Over the past two years, Robin Wasserman has seen several of her original works hit the shelves: Seven Deadly Sins</a>, a seven-book dramatic series for teens; a YA novel entitled Hacking Harvard; and the action-adventure super-powered Chasing Yesterday trilogy for younger readers. She has also contributed to short story anthologies. Her next stand-alone book, Callie for President, will appeal to elementary and middle school students, and her next trilogy will attract teens and adults who are sci-fi fans. In other words, she has written for almost all of the genres and age groups I myself intend to write for, so she gets plenty of kudos from me.
How and when did Robin first set foot on the pathway to publishing success? Well, there was an internship, and there was Scooby-Doo...
How did you become an editor?
I interned at Scholastic the summer after my junior year, and it was one of the best experiences of my life. Fortunately for me, they took me back after I graduated. I worked there for a few years, and got an incredible education in the business of publishing children's books. I doubt I'd be a YA writer now (and I certainly wouldn't be a published writer) if it weren't for the things I learned as an editor.
When and how did you land your first book deal?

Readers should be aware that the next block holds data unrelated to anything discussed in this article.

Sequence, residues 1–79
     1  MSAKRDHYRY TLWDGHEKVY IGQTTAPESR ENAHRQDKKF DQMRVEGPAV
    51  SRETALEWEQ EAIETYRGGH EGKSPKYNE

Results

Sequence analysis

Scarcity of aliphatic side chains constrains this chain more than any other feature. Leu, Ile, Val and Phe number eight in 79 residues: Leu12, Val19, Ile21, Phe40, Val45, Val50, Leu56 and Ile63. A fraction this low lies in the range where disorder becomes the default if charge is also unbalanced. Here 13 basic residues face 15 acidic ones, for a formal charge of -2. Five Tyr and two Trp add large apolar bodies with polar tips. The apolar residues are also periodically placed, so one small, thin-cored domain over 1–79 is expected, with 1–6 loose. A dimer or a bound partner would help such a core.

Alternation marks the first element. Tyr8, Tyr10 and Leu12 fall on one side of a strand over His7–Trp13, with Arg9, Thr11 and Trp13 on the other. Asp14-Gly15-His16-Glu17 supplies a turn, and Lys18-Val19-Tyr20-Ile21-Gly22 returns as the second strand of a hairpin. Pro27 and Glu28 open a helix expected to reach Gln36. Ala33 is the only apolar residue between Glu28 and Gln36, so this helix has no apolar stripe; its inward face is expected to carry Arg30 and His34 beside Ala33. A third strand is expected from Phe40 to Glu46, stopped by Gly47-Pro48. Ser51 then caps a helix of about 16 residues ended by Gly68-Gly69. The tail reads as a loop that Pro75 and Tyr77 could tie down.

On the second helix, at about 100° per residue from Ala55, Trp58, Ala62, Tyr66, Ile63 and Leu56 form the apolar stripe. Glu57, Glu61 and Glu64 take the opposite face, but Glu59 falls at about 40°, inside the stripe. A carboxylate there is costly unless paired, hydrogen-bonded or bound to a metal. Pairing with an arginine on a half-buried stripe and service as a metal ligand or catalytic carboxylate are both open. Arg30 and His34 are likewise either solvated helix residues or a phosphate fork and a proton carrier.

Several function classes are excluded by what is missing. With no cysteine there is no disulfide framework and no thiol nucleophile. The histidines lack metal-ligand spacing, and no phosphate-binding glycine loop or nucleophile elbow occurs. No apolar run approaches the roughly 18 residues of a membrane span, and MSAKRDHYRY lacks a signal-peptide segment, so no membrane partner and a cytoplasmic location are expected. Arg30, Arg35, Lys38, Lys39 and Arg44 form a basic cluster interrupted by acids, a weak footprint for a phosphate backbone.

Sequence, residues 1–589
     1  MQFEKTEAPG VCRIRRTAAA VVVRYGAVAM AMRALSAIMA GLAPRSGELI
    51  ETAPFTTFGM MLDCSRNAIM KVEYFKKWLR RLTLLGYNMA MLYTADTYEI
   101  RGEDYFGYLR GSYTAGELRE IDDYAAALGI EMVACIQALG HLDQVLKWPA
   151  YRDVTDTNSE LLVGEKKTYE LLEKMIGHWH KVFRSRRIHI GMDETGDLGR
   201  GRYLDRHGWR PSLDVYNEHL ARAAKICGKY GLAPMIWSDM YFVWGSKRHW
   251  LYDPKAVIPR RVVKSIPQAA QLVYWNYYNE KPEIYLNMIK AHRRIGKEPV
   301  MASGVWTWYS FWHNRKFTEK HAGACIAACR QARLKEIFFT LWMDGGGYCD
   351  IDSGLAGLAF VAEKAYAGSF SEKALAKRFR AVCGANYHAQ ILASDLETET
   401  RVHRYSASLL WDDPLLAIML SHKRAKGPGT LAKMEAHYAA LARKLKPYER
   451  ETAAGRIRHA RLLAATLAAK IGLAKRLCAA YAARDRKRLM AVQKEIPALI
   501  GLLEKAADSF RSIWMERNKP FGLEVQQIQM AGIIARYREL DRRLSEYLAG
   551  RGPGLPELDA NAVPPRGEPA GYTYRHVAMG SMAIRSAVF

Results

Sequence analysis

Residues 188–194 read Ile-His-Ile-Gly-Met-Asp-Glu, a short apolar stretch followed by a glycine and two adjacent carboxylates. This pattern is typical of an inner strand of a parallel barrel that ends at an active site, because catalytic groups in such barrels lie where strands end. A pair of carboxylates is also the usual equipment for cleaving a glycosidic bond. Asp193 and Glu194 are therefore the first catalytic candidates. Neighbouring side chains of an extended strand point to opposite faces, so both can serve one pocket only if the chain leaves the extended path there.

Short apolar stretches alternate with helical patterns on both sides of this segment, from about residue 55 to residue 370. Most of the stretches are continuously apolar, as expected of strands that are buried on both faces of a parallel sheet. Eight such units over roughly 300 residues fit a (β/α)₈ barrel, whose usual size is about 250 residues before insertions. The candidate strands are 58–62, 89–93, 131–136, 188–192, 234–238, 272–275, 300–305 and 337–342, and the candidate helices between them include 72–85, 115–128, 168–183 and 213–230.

The first book I ever got published was a 32 page Scooby-Doo picture-clue book that I was lucky enough to write as an intern (thanks again, boss!). My first "real" book deal -- for the first four Seven Deadly Sins books -- came when I was 25. I had just quit my job to go to grad school in the history of science, and I thought I'd left children's publishing behind forever . . . but I had this idea for a teen series, and even though I was sure nothing would ever come of it, I decided to put together a proposal and cross my fingers. The whole thing was pretty much a very unexpected dream come true.
I was actually on a break from an intensely boring class on Enlightenment philosophy when the official offer came in -- and, after some silent screaming and fist-pumping in the quad, I had to go back to class for another hour. Apparently I looked so shell-shocked that my professor thought someone had died.
Why do you write?
Well, the truly, madly, deeply honest answer here is probably: I don't know. But -- because I realize that's totally unsatisfying -- my best guess is that I write because when I was growing up, the books I loved really shaped me as a person. They offered an escape from boredom and unhappiness, and the best of them changed the way I understood myself and the world. I want to do that for someone else. That's what inspires me, when I sit down at the computer -- the thought of a younger version of myself out there, looking for a story to sweep her away, a story that means something, a story she'll never forget.
How difficult was it to keep the tension up through the 1500+ pages of the Seven Deadly Sins series?